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State v. Edwards

Court of Appeals of South Carolina

January 27, 2016

The State, Respondent,
v.
Cleophus N. Edwards, Jr., Appellant

Heard September 8, 2015

Page 125

Appeal From Orangeburg County. Doyet A. Early, III, Circuit Court Judge. Appellate Case No. 2012-213596.

Arthur Kerr Aiken, of Aiken & Hightower, and Chief Appellate Defender Robert Michael Dudek, both of Columbia, for Appellant.

Attorney General Alan McCrory Wilson, Chief Deputy Attorney General John W. McIntosh, Senior Assistant Deputy Attorney General Donald J. Zelenka, and Assistant Attorney General Caroline M. Scrantom, all of Columbia; and Solicitor David Michael Pascoe, Jr., of Orangeburg, for Respondent.

MCDONALD, J. SHORT and GEATHERS, JJ., concur.

OPINION

Page 126

MCDONALD, J.

Cleophus N. Edwards, Jr. appeals his convictions for murder, first-degree burglary, and possession of a weapon during the commission of a violent crime, arguing the circuit court erred in admitting into evidence (1) a laptop computer, (2) clothing and shoes from a suitcase, and (3) the results of DNA analysis and shoe imprint comparisons. We affirm.

FACTS/PROCEDURAL HISTORY

On February 3, 2011, Carolyn Hanton (the victim) was stabbed to death inside her house. Aaron Hanton, the victim's husband, reported a red Acer laptop was missing from the house. On February 16, 2011, when police went to Appellant Edwards's house to execute an arrest warrant for a probation violation, an officer observed Edwards using a red Acer laptop and matched its serial number to the serial number from the victim's computer box. Police questioned Edwards about the laptop following his arrest, and he confessed to stabbing and robbing the victim. A grand jury subsequently indicted him for murder, first-degree burglary, and possession of a weapon during the commission of a violent crime.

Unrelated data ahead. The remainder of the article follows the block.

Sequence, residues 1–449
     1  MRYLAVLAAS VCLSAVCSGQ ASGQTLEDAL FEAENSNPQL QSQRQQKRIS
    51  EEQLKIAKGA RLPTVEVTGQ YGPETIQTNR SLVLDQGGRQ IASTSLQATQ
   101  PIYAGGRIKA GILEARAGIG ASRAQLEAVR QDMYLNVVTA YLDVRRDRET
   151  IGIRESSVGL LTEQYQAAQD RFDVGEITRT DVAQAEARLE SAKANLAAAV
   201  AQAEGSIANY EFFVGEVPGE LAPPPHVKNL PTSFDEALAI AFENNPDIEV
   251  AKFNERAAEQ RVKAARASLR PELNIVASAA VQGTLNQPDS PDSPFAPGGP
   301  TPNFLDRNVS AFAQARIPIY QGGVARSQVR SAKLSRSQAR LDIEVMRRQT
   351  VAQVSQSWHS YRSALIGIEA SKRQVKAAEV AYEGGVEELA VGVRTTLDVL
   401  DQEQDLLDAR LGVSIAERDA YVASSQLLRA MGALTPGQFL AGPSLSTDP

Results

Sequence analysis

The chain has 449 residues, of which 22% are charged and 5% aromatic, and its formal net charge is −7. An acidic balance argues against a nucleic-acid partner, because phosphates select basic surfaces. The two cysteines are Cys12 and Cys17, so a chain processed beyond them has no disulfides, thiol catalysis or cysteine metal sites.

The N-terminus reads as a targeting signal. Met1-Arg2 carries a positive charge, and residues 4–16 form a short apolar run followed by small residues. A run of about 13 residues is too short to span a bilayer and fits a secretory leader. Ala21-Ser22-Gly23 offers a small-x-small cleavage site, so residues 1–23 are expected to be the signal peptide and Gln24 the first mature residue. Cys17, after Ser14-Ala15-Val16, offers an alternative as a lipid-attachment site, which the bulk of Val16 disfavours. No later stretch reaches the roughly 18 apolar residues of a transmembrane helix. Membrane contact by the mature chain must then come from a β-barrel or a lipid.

Before trial, Edwards moved to suppress evidence of the laptop, arguing police searched and seized it in violation of his Fourth Amendment rights. The State proffered the testimony of Officer Ryan Harter, who responded to the victim's house on February 3, 2011. Officer Harter testified that when the victim's family members informed him that a red Acer laptop was missing, he entered the serial number from the laptop's box into a police database and reported it as stolen.

Unrelated to the victim's murder, Officer Harter accompanied a team to Edwards's house on February 16, 2011, to execute an arrest warrant for a probation violation. There, Officer Harter observed Edwards sitting with a red Acer laptop on his lap. Officer Harter testified that he was familiar with computers, and the model he viewed on Edwards's lap was " extremely consistent" with the missing laptop from the victim's house. Officer Harter stated, " Acer is not a real popular brand. And the fact that it is a red laptop really kind of sets it apart. We knew it was a widescreen laptop, and so it met a lot of criteria just from [being] able to view it." Officer Harter testified that he turned the computer over to view the serial number and discovered it matched the serial number of the missing computer. On cross-examination, Officer Harter reiterated that the brand, color, and screen width of the computer caught his attention. Officer Harter stated, " I believe[d] it had a high probability of being the computer we were seeking." Officer Harter acknowledged Edwards did not give him permission to move the computer to view the serial number and that police did not have any prior knowledge or tips that the computer would be located at Edwards's house.

Edwards argued that even though he was on probation, he had the right to be free from unreasonable searches in his home, and Officer Harter needed reasonable suspicion to search the computer. According to Edwards, the computer was " really an innocent object," and simply observing a computer of the same brand and color as the ...


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